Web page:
- Sensor: Pixart 3325
- DPI: 800-10,000
- Polling Rate: 1,000Hz
- Programmable Buttons: 7
- Dimensions: 122 x 66 x 38mm
- Weight: 113g
- Great value
Bite Down Hard
The most important tool in a PC gamer’s arsenal is their mouse. No matter what genre of games you play, the mouse is always the most important part of your gaming experience. A good mouse doesn’t make a player better, but lets the player play the game at their fullest potential. With the mouse being one of the most used part of a computer, an upgrade doesn’t seem like a bad idea.
Illegear’s Fang adopts a minimalist approach to the gaming mouse, doing away with all the extras commonly found on mice these days. Instead of providing all the bells and whistles of the modern day, the Fang brings it back down to earth and concentrates on doing things right. With the sensor being one of the most important aspects of a mouse, we were satisfied with the use of the Pixart 3325 sensor. It has great tracking and precision across the different surfaces that we tested on, which included hard surfaces as well as cloth.
The feel of the Illegear Fang is comfortable thanks to its ergonomic shape and can be used by both palm and claw grip gamers. Technical specs wise the Fang has a polling rate of 1,000Hz and a DPI of between 800-10,000. High DPI such as the Fang’s is favoured by RTS players, who require making many quick movements and also looking across the map, while the lowest DPI of 800 is just right for many gamers. But there are plenty of professional gamers that use lower DPI’s such as 400 and 200, which makes the Fang a favourite of both genres.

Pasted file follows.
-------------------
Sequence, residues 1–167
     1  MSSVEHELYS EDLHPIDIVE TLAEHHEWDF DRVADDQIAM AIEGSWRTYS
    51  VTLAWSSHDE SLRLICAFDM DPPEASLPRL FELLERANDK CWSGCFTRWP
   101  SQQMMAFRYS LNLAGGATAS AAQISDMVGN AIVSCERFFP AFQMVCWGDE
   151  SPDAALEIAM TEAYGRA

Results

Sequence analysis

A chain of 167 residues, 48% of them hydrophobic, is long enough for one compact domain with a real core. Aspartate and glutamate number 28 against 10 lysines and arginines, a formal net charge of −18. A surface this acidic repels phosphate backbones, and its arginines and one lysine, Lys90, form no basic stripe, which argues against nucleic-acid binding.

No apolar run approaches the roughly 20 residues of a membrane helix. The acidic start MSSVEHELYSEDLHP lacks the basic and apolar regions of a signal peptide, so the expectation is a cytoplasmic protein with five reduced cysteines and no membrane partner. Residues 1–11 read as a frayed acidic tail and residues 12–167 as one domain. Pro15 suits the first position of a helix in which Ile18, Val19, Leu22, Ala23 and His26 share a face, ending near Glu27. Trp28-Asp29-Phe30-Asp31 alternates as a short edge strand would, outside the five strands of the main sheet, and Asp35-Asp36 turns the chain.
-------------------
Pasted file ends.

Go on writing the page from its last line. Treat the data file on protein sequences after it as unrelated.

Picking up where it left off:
Other than that, the Fang has great Omron switches that provide very satisfying clicks and are also rated to be highly durable. Buying into the RGB trend, Illegear places 16.8 million RGB colours into the Fang’s logo, scroll wheel and sides, which are programmable using the Fang Commander Software. Also, the Fang’s cable is a 1.8m black braided cable that provides great protection and doesn’t get in the way of the mouse’s movement.
(previously published in issue February)